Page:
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Maternal complications following open and fetoscopic fetal surgery: A systematic review and meta-analysis

Sacco, A; Van der Veeken, L; Bagshaw, E; Ferguson, C; Van Mieghem, T; David, AL; Deprest, J; (2019) Maternal complications following open and fetoscopic fetal surgery: A systematic review and meta-analysis. Prenatal Diagnosis , 39 (4) pp. 251-268. 10.1002/pd.5421. Green open access

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Abstract

OBJECTIVE: To establish maternal complication rates for fetoscopic or open fetal surgery. METHODS: We conducted a systematic literature review for studies of fetoscopic or open fetal surgery performed since 1990, recording maternal complications during fetal surgery, the remainder of pregnancy, delivery and after the index pregnancy. RESULTS: One hundred and sixty-six studies were included, reporting outcomes for open fetal (n=1193 patients) and fetoscopic surgery (n=9403 patients). No maternal deaths were reported. The risk of any maternal complication in the index pregnancy was 20.9% (95%CI 15.22-27.13) for open fetal and 6.2% (95%CI 4.93-7.49) for fetoscopic surgery. For severe maternal complications (Grade III to V Clavien-Dindo classification of surgical complications) the risk was 4.5% (95%CI 3.24-5.98) for open fetal and 1.7% (95%CI 1.19-2.20) for fetoscopic surgery. In subsequent pregnancies, open fetal surgery increased the risk of preterm birth but not uterine dehiscence or rupture. Nearly one quarter of reviewed studies (n=175, 23.3%) were excluded for failing to report the presence or absence of maternal complications. CONCLUSIONS: Maternal complications occur in 6.2% fetoscopic and 20.9% open fetal surgeries, with serious maternal complications in 1.7% fetoscopic and 4.5% open procedures. Reporting of maternal complications is variable. To properly quantify maternal risks, outcomes should be reported consistently across all fetal surgery studies.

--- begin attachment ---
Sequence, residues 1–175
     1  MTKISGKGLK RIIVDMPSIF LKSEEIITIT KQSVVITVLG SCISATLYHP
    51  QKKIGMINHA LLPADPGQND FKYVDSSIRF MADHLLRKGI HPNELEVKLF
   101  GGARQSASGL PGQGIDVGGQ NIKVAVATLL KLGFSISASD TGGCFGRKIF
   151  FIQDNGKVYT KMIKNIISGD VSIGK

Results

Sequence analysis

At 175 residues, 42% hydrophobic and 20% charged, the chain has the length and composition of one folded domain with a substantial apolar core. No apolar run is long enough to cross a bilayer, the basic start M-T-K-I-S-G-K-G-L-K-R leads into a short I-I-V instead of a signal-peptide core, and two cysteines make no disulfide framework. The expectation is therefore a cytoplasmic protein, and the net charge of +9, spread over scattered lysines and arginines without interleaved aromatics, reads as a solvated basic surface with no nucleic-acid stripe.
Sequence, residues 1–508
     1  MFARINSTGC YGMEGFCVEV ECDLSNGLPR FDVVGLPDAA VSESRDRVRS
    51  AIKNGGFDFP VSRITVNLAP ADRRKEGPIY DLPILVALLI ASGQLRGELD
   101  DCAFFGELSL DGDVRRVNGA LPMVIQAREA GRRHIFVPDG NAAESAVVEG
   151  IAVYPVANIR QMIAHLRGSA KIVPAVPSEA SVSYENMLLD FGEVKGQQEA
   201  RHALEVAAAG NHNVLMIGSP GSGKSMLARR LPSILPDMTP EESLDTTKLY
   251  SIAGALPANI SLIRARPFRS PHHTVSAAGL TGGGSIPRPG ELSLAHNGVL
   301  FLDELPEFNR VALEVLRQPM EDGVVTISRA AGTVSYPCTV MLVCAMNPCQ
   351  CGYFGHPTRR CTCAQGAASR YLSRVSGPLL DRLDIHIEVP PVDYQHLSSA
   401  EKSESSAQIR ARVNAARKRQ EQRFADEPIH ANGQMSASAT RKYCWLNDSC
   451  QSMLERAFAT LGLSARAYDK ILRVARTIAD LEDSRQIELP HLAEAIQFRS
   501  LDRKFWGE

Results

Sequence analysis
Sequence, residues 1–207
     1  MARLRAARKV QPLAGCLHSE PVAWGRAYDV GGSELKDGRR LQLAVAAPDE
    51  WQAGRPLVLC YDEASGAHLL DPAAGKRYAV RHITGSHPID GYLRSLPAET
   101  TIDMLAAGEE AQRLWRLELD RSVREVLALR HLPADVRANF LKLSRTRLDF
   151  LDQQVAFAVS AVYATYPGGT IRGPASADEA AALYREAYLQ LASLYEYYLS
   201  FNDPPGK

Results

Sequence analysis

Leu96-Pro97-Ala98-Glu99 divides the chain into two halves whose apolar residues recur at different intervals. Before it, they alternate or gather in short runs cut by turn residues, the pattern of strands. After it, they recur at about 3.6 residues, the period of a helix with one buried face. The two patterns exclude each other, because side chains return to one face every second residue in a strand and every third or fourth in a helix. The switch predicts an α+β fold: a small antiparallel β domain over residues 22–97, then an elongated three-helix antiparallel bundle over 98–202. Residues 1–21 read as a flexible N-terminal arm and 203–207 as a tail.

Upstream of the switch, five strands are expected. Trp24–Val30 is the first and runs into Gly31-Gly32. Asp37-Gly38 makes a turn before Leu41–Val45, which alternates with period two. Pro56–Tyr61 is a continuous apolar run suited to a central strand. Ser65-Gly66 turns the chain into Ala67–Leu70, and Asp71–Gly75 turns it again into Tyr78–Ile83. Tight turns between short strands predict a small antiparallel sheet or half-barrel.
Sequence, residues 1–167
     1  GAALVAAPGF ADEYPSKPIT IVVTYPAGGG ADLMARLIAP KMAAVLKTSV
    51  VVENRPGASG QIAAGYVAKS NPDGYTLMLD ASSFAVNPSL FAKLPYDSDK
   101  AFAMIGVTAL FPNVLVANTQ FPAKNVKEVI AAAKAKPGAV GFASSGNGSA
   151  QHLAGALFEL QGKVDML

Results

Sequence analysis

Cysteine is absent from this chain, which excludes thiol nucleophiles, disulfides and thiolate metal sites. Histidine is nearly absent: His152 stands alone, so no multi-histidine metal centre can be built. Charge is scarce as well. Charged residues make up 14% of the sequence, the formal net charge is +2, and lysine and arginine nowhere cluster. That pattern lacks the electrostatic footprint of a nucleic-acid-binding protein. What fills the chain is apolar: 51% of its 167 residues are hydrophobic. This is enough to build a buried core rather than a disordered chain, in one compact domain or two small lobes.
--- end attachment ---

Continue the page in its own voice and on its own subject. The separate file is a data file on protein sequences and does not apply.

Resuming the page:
Type: Article
Title: Maternal complications following open and fetoscopic fetal surgery: A systematic review and meta-analysis
Location: England
Open access status: An open access version is available from UCL Discovery
DOI: 10.1002/pd.5421
Publisher version: https://doi.org/10.1002/pd.5421
Language: English
Additional information: This is an open access article under the terms of the Creative Commons Attribution License, which permits use, distribution and reproduction in any medium, provided the original work is properly cited. https://creativecommons.org/licenses/by/4.0/
UCL classification: UCL
UCL > Provost and Vice Provost Offices
UCL > Provost and Vice Provost Offices > School of Life and Medical Sciences
UCL > Provost and Vice Provost Offices > School of Life and Medical Sciences > Faculty of Population Health Sciences
UCL > Provost and Vice Provost Offices > School of Life and Medical Sciences > Faculty of Population Health Sciences > UCL EGA Institute for Womens Health
UCL > Provost and Vice Provost Offices > School of Life and Medical Sciences > Faculty of Population Health Sciences > UCL EGA Institute for Womens Health > Maternal and Fetal Medicine
URI: https://discovery.ucl.ac.uk/id/eprint/10067539
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